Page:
In the meantime, I ordered this book over the weekend: 

image from amazon.com

While Carla is not quite nine, we are knocking on nine’s door. I am really hoping that the heretofore kind, measured Louise Bates Ames doesn’t say anything akin to, “Just WAIT until she’s a teenager.”

Well, I feel really overwhelmed with reasons to buy things lately. This is both exhilarating (wheee!!! permission to shop!) and anxiety-producing (everything is SO expensive). We keep thinking of things to buy for our upcoming Road Trip! and Carla’s ninth birthday is fast approaching… but before I can properly deal with finalizing THOSE purchases, I need to pause and consider Father’s Day. 

My husband and father and father-in-law are ALL exceedingly difficult to buy gifts for. They all tend to buy the things they want when they want them, which means that they already HAVE everything. Plus, their interests (music, cars, golf) lend themselves to tchotchkes or wildly expensive investment pieces… and not much in between. Plus plus, to buy anything meaningful for their areas of interest requires an in-depth knowledge of a) that particular hobby and b) what they already have. Which results in me having No Idea Ever what to get any of them.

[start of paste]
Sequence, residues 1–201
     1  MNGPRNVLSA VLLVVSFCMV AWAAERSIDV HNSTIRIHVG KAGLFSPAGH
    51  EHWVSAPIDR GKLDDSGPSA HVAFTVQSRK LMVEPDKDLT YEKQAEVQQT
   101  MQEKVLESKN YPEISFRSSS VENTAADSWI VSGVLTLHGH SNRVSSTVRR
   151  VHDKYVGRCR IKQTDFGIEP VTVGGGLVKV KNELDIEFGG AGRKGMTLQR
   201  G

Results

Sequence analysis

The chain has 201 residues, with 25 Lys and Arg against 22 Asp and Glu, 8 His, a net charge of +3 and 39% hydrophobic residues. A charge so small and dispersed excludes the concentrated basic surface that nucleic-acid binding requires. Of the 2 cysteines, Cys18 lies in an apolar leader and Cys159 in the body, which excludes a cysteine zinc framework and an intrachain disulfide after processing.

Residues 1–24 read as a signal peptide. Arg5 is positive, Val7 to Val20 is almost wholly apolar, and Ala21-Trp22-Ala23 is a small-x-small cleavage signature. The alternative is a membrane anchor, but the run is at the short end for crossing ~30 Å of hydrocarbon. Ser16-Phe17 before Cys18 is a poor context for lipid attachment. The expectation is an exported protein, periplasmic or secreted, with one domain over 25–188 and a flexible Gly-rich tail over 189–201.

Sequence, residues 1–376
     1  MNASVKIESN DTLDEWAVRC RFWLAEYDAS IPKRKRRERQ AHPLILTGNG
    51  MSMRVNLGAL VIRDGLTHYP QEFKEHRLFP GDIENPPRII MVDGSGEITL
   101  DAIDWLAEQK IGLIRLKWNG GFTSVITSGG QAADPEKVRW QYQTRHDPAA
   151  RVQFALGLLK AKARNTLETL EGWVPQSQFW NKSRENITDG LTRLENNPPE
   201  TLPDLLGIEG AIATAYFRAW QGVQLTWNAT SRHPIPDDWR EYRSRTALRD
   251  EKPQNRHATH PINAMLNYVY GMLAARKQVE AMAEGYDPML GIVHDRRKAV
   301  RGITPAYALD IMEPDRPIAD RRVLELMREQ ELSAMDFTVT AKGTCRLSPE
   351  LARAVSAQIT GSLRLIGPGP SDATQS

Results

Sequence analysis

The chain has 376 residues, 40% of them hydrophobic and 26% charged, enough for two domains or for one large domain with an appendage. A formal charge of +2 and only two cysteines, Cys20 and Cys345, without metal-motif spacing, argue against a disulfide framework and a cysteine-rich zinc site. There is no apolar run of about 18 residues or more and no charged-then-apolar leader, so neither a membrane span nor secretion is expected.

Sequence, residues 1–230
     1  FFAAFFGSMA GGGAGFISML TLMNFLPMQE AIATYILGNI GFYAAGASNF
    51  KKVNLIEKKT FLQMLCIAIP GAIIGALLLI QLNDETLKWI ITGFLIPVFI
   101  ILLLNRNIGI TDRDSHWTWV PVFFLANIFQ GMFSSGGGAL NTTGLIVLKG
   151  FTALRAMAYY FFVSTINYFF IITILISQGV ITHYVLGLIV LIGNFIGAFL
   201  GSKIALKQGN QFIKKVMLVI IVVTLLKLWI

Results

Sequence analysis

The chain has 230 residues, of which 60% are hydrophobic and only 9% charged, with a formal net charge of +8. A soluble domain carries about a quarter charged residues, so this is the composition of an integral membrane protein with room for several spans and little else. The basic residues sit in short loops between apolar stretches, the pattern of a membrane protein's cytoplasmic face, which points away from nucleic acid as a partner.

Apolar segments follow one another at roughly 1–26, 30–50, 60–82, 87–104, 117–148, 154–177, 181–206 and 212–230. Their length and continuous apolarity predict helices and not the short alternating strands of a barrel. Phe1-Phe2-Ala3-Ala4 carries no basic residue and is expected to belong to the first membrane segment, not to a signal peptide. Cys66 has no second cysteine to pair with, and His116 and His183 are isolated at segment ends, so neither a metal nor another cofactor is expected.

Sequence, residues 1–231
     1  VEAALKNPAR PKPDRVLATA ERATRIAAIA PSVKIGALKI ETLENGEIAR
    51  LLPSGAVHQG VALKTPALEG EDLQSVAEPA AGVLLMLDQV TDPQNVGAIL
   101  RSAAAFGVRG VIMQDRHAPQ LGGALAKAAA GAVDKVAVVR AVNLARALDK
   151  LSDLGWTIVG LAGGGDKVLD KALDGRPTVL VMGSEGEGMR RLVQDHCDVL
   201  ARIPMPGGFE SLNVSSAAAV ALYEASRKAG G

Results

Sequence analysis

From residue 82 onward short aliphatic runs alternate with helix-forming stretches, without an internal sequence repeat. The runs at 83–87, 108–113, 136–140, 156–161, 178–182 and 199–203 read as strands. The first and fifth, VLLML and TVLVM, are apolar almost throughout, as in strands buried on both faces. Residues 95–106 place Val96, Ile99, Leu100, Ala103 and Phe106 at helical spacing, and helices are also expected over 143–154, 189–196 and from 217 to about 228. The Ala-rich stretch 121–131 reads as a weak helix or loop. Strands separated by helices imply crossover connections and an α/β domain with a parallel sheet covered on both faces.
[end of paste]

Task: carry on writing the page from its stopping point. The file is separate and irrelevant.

And yet! We must persevere! 

Sleep Buds: I’m going to start with the most expensive item, and that is because I can recommend it myself. My husband got me a pair of these sleep buds for Mother’s Day, and they are wonderful. They connect to an app on your phone that allows you choose soothing sounds and then you fall asleep with these soothing, noise-canceling sounds in your ears. They are wonderful for me because I am a very light sleeper. If you have a person in your life who has trouble falling asleep or who is a light sleeper or both, I highly recommend these.